The Baroque Era
In Baroque era, art showed a diversity of contemporary society,
and also a form of expance of Renaissance.
Michelangelo da Caravaggio
Michelangelo da Caravaggio
With Caravaggio, a new type of artist appeared on the European
scene. In his early works the essentials of his revolutionary style
are already clear--the realism of his characters, the sharply
defined, rich and vivid colors, especially of stuffs, and his compositions,
for all heir earthiness and detail.
St John the Baptist, 1597-98
Caravaggio often used famous works as models in his series of such
youths. As in other early works, the highly contrived lighting effects
give the painting the air of virtuoso performance.
| The Supper at Emmaus,
|| The Supper at Emmaus,
The restrained, implosive tension of Caravaggio's later treatment
contrasts with the drama of the first version. The light picks out
a few details with a greater calculation.
Comparing two pictures, we can easily notice the different handling
of light, which is improving from the first sharp pale light to
a more balanced warm light.
The death of the , 1605-06
The softened light lingers, suspending the mourners in a cold,
The conversion of St Paul, 1600-01
The conversion of St Paul could represent a man tripped over backwards
in a stable, but even before the viewer recognize the subject he
is aware of the electric potency of a supernatural event in this
mundane image. Caravaggio has chosen the moment when Saul was flung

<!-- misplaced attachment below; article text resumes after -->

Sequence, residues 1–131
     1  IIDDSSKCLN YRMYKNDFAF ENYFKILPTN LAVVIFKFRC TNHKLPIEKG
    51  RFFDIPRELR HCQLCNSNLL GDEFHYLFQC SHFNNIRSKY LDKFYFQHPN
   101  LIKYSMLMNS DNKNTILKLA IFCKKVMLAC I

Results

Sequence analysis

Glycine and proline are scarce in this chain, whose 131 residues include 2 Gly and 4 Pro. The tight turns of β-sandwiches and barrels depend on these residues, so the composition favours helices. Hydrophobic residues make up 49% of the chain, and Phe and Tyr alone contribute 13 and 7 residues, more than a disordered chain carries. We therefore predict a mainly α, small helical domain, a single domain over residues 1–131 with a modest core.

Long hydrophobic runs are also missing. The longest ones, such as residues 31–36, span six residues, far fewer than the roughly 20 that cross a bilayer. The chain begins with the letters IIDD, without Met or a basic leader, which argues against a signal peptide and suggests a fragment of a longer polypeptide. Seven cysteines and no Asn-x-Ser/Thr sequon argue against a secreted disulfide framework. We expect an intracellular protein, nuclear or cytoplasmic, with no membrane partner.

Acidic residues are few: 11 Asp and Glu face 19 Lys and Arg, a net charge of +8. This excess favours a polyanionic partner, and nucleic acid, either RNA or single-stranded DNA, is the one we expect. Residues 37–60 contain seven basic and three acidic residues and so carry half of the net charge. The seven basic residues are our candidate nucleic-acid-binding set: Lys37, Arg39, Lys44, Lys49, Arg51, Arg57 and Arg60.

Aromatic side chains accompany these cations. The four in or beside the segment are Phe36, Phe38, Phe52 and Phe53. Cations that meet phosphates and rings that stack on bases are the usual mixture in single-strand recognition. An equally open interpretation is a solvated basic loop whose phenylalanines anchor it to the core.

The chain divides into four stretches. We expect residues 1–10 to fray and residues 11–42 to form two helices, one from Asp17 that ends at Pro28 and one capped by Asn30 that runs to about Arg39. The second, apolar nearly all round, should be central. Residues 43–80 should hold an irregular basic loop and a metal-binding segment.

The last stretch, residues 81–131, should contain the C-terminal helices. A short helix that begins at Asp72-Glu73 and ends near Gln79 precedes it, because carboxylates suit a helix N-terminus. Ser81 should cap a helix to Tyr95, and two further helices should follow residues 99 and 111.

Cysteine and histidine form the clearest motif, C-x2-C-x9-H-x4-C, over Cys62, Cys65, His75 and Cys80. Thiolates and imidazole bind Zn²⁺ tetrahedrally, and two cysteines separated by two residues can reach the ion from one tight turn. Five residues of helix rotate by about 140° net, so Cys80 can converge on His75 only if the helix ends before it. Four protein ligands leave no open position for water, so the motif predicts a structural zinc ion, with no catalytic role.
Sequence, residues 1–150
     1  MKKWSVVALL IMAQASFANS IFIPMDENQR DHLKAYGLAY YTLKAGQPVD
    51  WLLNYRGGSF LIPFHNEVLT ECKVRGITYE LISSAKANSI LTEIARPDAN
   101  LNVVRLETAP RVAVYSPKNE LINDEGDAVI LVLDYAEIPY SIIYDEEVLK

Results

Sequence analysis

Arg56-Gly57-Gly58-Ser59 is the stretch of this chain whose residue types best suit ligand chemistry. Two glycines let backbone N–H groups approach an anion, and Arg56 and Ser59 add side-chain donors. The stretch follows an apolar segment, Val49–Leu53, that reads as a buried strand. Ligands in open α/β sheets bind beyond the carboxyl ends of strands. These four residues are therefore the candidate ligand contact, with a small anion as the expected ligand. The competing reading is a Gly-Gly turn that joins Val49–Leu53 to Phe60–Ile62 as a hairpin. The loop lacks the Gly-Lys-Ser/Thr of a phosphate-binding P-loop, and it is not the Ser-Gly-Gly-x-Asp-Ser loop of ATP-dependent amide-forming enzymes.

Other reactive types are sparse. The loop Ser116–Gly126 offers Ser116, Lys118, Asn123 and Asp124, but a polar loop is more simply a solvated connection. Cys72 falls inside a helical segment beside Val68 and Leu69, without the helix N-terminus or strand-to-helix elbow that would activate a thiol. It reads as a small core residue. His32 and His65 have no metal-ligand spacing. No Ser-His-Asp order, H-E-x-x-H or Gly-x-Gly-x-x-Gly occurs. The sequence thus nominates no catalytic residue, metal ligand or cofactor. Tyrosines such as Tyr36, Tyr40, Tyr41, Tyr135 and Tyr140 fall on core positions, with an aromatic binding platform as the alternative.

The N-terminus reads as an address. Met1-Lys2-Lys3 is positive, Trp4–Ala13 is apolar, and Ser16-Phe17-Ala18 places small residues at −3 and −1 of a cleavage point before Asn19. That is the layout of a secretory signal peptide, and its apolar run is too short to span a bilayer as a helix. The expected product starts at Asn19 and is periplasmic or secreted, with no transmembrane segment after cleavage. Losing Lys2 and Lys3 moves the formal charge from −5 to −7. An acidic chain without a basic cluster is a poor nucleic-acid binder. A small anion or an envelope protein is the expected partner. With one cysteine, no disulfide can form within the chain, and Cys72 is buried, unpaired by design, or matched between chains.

to the ground blinded, as if by lightning, and accused by God: "Saul,
Saul, why persecutest thou me?" The bucketing steed has become
a rather heavy hack, and the agitated crowd is replaced by one solitary
baffled groom, and old peasant with a varicose vein; these two have
heard nothing. The source of light is not shown; but the violent,
even awkward foreshortening of the figure hurled down expresses
an impact of huge energy, and the outflung arms embroil the whole
in the vortex of a blinding miracle.
Bernini: The Cornaro Chapel
Vision of the ecstasy of St Theresa, 1647-52
The Cornaro Chapel, in S. Maria della Vittoria in Rome, is the
fullest expression of the diverse talent of which Bernini's
extraordinary genius was composed. Commissioned by the Venetian
Cardinal Federigo Cornaro, it occupied some of the energies of Benini
and his collaborators in the seven years between 1645 and 1652.
The focus of light on St Theresa--real light, from a concealed
window above, shafted down simulated light-rays of bronze behind
--kindles her being in the moment of supreme ecstasy, expressed
physically with such conviction that it seems almost sexual.
article: French, Spanish, and Dutch Baroque